CDAS Visit to Corsham Court, Saturday 30 April 2022

10 members and friends visited Corsham Court on our first visit of the 2022 CDAS summer visits.

We had an excellent guide, Simon, who told us about the Court's history and also about the important collection of art works housed there.

The Court is in the picturesque village of Corsham with its rows of Flemish Weavers cottages. It is 3 miles west of Chippenham.  Corsham was a Royal Manor of the Saxon Kings and reputed to have been the seat of Ethelred the Unready.  After the Norman Conquest the Manor continued to be passed down through the Kings of England often as part of the dowries of the Queens. It was part of the dowries of Catherine of Aragon  and Katherine Parr. The Royals appreciated the clean air and water of Wiltshire.

Elizabeth I sold the Manor and in 1582 the owner Thomas Smythe (no relation to the Ashton Court Smythes) started the present house. The South Front, Riding School and Stables are from this period.  Thomas Smythe had acquired the Office of the Customs under Mary and then Elizabeth I.  It was a mixed blessing as although he made money through the post, he also acquired large fines as a result of his management.  

Anthony Hungerford was another owner and a general in the Parliamentary Army in the Civil War. His wife had the Hungerford Arms Houses built in the town. 

The next important owner was Sir Paul Methuen who bought the house in 1745.  He was a noted politician and diplomat (mentioned by Voltaire in his diaries, for his integrity). He had no children and passed the house to his cousin also Paul Methuen, who undertook the enlarge it to accommodate the art collection his cousin had accumulated during his diplomatic service.  He added wings on either side of the Tudor front for the  state rooms where the art collection was displayed.  Paul Methuen employed Lancelot “Capability” Brown to design the new wings and also design the surrounding gardens and park.  The Picture Gallery containing some of the most famous paintings is a triple cube, with an intricate coffered plasterwork Rococo ceiling, over a high cove stuccoed in scrolls.  Our guide told us Brown “borrowed” the design from another house that was not completed.  The plaster work was  done by Thomas Stocking of Bristol and took several years to complete.  The walls of many of the new rooms were covered in Red Damask.  This was also used to cover the settees and chairs.  It did not wear well. When the upholstery needed replacing, Damask was taken from behind the larger paintings and used for repairs. The rooms contain furniture and fittings by Robert Adam and Thomas Chippendale.  Brown's design of the gardens included a Gothic Bath House and a Folly Castle. His plans for the grounds were not completed and were finished at the end of the 18th Century by Humphrey Repton. At this time the North facade was remodelled by John Nash in the Strawberry Hill Gothic style. This work proved to be a disaster as Nash had used unseasoned wood and included iron work in the construction. It was eventually replaced in the mid 19th century by the hall, staircase and North facade we see today in a more Classical style, designed by Thomas Bellamy.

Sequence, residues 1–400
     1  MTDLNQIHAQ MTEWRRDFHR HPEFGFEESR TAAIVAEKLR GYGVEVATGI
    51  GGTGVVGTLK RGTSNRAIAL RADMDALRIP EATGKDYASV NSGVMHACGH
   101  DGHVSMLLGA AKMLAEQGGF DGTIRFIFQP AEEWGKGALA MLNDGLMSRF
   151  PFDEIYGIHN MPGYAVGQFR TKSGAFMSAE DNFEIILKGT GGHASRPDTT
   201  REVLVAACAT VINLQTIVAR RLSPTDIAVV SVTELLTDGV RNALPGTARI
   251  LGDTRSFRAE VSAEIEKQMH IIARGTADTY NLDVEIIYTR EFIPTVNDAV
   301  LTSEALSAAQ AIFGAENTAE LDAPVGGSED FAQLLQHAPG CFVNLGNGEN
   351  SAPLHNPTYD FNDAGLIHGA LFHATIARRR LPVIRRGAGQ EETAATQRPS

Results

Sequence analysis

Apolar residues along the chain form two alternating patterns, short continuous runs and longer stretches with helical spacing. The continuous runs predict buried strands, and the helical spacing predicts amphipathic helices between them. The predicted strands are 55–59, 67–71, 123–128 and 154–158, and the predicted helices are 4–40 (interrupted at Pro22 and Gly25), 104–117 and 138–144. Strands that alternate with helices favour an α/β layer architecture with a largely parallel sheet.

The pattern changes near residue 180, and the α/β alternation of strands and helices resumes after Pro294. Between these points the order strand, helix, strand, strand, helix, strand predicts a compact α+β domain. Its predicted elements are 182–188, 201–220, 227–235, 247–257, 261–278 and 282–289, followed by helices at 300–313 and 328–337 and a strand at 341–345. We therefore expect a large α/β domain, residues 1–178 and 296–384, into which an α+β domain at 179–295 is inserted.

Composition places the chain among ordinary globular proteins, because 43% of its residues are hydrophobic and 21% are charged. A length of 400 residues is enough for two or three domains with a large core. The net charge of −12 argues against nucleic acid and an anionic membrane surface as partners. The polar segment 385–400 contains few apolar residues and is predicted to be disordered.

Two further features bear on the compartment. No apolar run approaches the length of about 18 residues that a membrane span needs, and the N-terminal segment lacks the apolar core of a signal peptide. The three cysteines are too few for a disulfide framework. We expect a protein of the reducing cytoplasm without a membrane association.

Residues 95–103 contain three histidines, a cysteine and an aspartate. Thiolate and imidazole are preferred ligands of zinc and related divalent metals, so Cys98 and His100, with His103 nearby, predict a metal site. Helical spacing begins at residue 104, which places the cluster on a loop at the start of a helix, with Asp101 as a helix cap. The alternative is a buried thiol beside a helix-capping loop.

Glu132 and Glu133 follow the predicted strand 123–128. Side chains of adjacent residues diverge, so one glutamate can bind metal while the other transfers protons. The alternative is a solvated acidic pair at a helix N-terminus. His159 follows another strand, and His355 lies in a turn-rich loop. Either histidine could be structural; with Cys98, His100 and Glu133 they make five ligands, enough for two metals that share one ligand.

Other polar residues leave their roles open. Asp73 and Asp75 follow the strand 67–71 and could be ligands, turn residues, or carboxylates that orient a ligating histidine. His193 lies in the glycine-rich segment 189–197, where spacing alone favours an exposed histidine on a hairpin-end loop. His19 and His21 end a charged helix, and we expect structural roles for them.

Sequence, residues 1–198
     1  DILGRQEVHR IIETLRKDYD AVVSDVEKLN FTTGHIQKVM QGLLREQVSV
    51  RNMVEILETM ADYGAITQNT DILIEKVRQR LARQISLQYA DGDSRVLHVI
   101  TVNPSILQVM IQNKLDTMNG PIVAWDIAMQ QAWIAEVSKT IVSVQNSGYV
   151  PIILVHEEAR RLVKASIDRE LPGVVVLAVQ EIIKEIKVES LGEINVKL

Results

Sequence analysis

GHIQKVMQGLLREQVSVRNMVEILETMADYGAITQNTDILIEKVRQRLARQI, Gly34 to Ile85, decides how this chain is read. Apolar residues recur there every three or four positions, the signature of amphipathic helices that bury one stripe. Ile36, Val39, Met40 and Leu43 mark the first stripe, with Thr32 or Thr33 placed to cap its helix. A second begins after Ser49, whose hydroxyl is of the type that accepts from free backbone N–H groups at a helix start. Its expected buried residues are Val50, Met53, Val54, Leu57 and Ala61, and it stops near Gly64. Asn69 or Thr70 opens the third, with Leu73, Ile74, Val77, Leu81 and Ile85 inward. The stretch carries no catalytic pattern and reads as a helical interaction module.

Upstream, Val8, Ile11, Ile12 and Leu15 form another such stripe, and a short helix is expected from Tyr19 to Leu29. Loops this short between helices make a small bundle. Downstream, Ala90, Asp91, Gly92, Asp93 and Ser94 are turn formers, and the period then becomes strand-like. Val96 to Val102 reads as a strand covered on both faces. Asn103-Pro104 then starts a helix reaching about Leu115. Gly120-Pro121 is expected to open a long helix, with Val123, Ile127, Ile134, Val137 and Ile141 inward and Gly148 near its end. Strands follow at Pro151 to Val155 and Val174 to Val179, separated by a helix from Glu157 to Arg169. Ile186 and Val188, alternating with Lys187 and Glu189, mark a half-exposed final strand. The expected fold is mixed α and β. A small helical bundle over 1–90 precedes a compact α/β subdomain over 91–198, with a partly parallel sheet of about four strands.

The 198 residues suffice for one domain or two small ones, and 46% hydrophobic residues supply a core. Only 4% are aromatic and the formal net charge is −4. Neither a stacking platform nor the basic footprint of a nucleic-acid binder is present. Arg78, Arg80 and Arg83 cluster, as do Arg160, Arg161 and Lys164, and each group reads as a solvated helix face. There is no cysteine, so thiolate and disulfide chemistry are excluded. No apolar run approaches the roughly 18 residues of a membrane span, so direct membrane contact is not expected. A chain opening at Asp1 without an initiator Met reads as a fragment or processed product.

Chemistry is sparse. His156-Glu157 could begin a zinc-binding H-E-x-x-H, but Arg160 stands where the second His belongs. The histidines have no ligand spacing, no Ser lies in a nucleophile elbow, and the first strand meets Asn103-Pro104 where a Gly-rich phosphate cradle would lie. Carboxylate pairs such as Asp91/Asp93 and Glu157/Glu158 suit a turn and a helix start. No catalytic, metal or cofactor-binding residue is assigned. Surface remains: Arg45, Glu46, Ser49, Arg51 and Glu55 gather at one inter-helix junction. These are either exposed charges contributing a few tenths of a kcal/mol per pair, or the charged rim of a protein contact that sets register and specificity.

The Art Collection

 Corsham Court has the collection of the first Paul Methuen, that he acquired during his diplomatic service.  This was added to when the paintings collected by Rev John Sanford, while he was in Italy following the Napoleonic wars. Sandford's daughter had married in to the Methuen family.  At one time the collection included over 250 picture.  However many were sold when the family needed funds for building work and other pressing needs. One of the Methuens was the Governor of Malta in World War I and is reputed to have used his own money to set up hospitals for the soldiers wounded in the Gallipoli Campaign.  “The Betrayal of Christ” by Van Dyck was accepted by H.M. Government as part of Death Duties. It is now owned by Bristol Museum, but remains at Corsham Court.

Other important works in the collection are the following:

“Three Children” by Sofonisba Anguisciola.  She was an Italian Painter who was mentored by Michaelangelo as a young woman. She later became a Lady in Waiting to Philip I I's third wife.  She undertook many portraits in the Spanish Court.  On the death of the Queen, Philip arranged a marriage to a Sicilian Nobleman. After he died Sofonisba married a sea captain and lived to be 93.  Van Dyck visited her when she was very old and found her views on art  inspiring. She was a trailblazer for female artists such as the more famous Artemisia Gentileschi.

“Allegorical Painting of Elizabeth I” is a portrait unlike any other of the Queen.  She looks old and care worn, exhausted by the years of turmoil including those caused by the Book of Common Prayer. She holds a copy. The Grim Reaper and Death look on. From the style of her dress, it appears that it was painted around 1610, 7 years after the Queen's death in 1603.

“Interior of Ely Cathedral” is a water colour by Turner that escaped damage when a burst water tank in the roof flooded the Dinning Room.

There are several Family Portraits by Sir Joshua Reynolds.

“Equestrian Portrait of Charles I” is a copy of the well known painting by Van Dyck.

“The Annunciation” by Filippo Lippi.  Another painter with an interesting life.  He was a monk who abducted a novice nun and  they produced a child Filippino together. However the artist came to a sticky end,murdered  either at the hands of the novice's relatives or by a jealous subsequent mistress.

As well as paintings, the collection has a sculpture of a child possibly by Michaelangelo. 

There is also a 4th century BC Athenian vase.

We went on to view the gardens and Bath house and the after a walk down the High Street, we had an excellent lunch in the Methuen Arms.

A fascinating visit! 


Tom Chown, 1st May 2022